14 epistles on Mathematics.

	17 epistles on Natural Sciences.

		10 epistles on Psychological and Rational Sciences.

	11 epistles on Theological Sciences.

It also classified the science in three major groups as under:-

          	a)	Mathematics: includes theory of number, geometry, astronomy, geography, music, theoretical and practical arts, ethics and logic.

          	b)	Physics: includes matter, form, motion, time, space, sky, generation, minerals, planets, animals, human body, senses of life and death, microcosm, pleasure, pain and language.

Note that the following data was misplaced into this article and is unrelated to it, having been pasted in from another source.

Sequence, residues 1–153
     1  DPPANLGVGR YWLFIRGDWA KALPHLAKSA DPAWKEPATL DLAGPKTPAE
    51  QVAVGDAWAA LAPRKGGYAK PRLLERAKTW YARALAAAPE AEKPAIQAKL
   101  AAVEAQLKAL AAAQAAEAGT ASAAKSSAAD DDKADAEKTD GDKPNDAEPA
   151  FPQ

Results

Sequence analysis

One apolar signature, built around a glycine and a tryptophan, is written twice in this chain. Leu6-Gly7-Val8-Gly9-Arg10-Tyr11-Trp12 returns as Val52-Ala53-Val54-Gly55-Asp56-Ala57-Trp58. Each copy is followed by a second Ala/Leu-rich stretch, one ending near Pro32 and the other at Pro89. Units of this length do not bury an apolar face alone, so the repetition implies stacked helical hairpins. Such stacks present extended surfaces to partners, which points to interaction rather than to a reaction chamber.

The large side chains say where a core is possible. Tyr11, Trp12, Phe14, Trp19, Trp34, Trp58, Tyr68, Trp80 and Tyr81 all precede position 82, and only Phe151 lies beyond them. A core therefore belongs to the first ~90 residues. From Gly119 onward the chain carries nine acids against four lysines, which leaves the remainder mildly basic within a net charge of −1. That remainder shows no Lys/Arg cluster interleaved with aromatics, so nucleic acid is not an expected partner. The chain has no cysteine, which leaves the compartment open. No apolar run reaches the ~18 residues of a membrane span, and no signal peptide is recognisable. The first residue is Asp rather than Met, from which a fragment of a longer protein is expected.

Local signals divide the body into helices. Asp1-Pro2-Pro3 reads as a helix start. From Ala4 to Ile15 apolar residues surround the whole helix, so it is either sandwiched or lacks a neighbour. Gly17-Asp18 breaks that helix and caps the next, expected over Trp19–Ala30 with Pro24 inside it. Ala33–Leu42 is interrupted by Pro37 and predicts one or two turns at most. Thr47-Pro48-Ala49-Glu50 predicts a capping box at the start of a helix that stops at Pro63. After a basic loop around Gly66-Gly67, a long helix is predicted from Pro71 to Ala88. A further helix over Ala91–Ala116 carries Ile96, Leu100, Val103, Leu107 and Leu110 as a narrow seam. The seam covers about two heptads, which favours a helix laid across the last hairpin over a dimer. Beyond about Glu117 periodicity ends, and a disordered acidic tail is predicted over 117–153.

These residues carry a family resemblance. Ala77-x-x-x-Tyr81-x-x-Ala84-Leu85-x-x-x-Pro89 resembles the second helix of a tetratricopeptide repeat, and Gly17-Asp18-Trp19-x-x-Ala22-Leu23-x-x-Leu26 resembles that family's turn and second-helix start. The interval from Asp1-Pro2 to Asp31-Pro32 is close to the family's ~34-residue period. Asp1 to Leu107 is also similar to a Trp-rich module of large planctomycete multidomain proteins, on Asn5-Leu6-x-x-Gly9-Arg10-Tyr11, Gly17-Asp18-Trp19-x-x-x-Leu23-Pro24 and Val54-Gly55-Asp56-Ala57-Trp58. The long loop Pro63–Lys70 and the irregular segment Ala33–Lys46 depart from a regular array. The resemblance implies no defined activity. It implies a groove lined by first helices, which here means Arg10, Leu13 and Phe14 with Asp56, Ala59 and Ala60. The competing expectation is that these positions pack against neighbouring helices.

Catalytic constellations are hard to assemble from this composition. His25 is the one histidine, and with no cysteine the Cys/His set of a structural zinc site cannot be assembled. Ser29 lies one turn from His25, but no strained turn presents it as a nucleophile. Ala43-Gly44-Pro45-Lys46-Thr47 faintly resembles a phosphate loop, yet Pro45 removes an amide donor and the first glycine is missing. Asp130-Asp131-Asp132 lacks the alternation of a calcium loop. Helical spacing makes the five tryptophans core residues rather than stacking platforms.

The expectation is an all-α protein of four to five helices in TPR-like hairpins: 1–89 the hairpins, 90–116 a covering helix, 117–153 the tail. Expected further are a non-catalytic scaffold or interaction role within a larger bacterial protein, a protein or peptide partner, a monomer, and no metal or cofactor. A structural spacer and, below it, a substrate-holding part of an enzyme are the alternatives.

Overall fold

c)	Metaphysics: divided into psycho-rationalism and theology.

		i)	psychics, rationalistic, being, macrocosm, mind, love, resurrection and causality.

		ii)	belief, faith, divine law, prophethood, etc.

The Epistles of the Ikhwan occupy a place in the first rank of Arabic literature. It is also the great treasure house of Sufic thought. For example, it says: "Know, O brother, that your soul is potentially an angel, and can become One in actuality if you follow the path of the prophets and the masters of the divine laws." (Rasail 4th vol., p. 122), and also "All creation will ultimately return to Him since He is the source of their very existence, substance, immortality and perfection" (Rasail 3rd vol., p. 285).